Another key move was to avoid soaring emerging markets stocks that plummeted in 1998 during the Asian crisis. Instead, he found good values in cable stocks, media companies and telecoms.
These days, with the Nasdaq barreling past 4,000, Richardson sees potential danger as investors chase the same stocks. He compared the trading frenzy to a person drinking alcohol -- drink a little and you feel great; drink too much and you get a hangover.
"The market is just partying,” Richardson said. "It tends to end badly if you keep going down that route.”
In technology, his recent holdings include Internet infrastructure companies such as Cisco Systems (CSCO) and Silverstream Software (SSSW). Silverstream debuted at 16 in an initial public offering and Richardson completed his position at 30. The stock is trading above 100 this week.
But he recently sold his stake in Qualcomm (QCOM), which has already risen 21-fold in the last year.
He’s been finding more value in "advertising-driven” businesses that are helping dot.com companies build brands on the Internet. For example, he owns ad agencies Omnicon Group (OMC) and Interpublic Group (IPG), which are both benefiting from planning for the Olympics and U.S. elections in 2000 as well as other Y2K spending.
Likewise, Richardson owns broadcasters such as Clear Channel Communications (CCU), and newspaper stocks such as the New York Times (NYT).
He’s also optimistic about Xerox (XRX), despite its warning about lower fourth-quarter earnings that sent its stock price tumbling in early December. The company blamed Y2K-related problems for lower sales. Richardson thinks the problems are short-term, and that Xerox will resolve them in the next several years.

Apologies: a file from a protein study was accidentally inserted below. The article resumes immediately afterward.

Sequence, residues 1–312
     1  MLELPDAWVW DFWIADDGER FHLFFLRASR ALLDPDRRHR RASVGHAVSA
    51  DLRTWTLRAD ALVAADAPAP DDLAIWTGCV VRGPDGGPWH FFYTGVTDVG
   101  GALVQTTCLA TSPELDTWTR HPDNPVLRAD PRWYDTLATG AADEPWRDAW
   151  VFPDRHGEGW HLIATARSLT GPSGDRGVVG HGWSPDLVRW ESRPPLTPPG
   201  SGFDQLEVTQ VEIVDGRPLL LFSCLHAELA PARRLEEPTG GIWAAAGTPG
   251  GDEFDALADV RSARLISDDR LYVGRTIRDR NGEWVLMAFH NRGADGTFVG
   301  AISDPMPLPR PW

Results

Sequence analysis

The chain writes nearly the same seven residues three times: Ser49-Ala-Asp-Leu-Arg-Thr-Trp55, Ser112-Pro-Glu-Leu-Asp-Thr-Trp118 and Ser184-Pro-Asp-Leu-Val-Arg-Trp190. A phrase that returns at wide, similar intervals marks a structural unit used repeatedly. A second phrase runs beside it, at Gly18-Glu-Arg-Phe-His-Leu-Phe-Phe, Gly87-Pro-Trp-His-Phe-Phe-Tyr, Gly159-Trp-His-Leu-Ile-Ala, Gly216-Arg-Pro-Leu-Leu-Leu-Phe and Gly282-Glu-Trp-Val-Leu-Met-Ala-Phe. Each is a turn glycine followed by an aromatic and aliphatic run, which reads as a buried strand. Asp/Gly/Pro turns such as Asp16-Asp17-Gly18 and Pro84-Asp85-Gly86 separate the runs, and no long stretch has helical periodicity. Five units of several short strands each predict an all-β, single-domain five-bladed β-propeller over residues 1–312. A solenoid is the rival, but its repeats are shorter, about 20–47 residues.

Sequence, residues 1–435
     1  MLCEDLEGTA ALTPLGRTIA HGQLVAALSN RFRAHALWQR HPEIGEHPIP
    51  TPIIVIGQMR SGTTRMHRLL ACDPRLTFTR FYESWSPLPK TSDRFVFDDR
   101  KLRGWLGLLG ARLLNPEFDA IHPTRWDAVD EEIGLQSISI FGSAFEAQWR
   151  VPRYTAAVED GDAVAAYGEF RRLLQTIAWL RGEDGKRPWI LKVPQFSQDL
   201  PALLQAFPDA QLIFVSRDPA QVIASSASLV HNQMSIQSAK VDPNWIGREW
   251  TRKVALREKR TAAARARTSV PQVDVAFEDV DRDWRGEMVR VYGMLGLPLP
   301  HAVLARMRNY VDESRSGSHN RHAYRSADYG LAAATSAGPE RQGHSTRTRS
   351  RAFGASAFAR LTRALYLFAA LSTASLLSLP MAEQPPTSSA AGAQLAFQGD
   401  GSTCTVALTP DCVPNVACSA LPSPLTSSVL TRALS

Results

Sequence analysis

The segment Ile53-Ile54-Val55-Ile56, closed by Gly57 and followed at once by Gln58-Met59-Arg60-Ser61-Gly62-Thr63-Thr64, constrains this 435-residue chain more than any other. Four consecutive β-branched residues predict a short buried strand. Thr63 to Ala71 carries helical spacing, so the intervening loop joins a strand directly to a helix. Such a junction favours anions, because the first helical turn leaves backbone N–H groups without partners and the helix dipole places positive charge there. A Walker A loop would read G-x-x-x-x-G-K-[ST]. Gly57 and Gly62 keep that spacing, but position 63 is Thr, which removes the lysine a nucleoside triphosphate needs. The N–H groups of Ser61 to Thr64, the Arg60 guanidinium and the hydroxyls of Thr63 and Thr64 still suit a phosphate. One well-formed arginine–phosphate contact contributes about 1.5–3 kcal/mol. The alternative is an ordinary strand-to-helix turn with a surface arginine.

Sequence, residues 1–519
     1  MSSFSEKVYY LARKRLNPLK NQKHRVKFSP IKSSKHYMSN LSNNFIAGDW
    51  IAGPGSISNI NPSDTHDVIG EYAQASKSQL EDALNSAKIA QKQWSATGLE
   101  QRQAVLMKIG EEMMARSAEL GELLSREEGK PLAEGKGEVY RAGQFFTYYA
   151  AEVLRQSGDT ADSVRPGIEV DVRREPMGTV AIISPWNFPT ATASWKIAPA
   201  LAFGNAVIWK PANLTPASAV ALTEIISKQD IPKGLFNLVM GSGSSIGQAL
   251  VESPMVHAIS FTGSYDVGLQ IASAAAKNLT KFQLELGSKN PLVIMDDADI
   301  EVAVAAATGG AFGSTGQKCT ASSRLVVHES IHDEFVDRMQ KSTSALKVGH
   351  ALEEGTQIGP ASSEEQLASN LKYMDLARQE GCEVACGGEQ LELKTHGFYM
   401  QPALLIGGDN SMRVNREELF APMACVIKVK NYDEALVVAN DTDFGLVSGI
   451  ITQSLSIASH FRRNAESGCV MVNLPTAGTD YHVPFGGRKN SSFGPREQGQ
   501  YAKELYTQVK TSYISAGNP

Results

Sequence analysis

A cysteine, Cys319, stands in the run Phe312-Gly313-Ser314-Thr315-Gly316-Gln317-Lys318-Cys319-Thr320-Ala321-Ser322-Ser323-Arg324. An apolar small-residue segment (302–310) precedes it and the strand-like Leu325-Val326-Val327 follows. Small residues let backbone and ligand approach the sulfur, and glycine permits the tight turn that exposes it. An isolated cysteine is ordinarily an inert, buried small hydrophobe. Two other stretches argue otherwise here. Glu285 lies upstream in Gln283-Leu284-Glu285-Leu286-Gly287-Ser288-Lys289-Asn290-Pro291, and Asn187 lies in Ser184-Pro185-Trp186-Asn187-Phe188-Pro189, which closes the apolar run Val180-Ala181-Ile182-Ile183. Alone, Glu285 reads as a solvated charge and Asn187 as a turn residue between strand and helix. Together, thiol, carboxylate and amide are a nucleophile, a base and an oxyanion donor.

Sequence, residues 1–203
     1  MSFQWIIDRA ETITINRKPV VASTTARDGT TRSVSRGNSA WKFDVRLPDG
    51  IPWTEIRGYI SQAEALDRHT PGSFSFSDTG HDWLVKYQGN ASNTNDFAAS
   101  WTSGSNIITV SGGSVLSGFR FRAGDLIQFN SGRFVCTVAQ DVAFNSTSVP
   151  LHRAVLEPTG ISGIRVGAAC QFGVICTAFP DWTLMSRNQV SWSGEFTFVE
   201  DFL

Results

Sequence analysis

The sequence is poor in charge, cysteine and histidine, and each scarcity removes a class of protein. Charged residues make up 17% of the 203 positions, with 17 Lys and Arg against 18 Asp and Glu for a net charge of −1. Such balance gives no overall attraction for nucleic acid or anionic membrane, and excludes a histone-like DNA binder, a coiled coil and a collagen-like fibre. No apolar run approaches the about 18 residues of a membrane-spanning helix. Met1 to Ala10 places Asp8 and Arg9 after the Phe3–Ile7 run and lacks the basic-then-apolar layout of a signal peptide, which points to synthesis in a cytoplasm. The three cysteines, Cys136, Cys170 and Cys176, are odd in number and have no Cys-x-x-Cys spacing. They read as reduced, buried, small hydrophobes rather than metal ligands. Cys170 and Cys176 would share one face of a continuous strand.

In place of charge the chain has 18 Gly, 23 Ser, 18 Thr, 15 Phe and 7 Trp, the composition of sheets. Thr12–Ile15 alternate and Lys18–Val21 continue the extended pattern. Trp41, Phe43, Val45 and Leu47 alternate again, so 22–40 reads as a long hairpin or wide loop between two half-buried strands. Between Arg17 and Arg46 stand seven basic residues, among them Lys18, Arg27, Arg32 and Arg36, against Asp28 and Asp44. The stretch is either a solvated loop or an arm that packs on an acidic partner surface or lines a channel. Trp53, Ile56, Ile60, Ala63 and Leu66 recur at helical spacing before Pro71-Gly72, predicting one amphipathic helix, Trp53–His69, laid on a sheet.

"It’s one of those stocks that has a lot of bad news out there, but they have a great global franchise that's benefiting from a lot of the trends in the information age,” Richardson said. "It’s a great entry point for the stock (trading) down here in the low 20s.”
As far as Y2K glitches, Richardson isn’t worried about computers malfunctioning as he is about the human response.
"I just found out my wife is putting cans in the basement,” Richardson said. "So what have purchasing managers done? You multiply that instinct by the thousands. You order more laptops, putting more inventory into the system.”
The stockpiling in the third quarter may result in a lull in demand for products like computer and software products in the fourth quarter, he said.
But that could create opportunities for the information fund if overall demand drops in the technology sector, Richardson said.
"Y2K has the potential to create incredible opportunities just because of these misperceptions,” Richardson said.
Wall Street, Richardson said, is practically drowning in information. And more people than ever before are using that information to make trading decisions, leading to more volatility than ever.
But Richardson says he won’t take too many risks. He recalled that during his Navy days, the sub crew would take a new vessel deep below the surface to test its seaworthiness (the exact depth level is classified). You could hear creaks and groans as the submarine withstood the tremendous force from the water. At that level, any risks could be deadly.
"That’s an environment where you don’t like surprises,” Richardson said. "Maybe I take a little of that in managing my portfolio. I don’t like surprises.”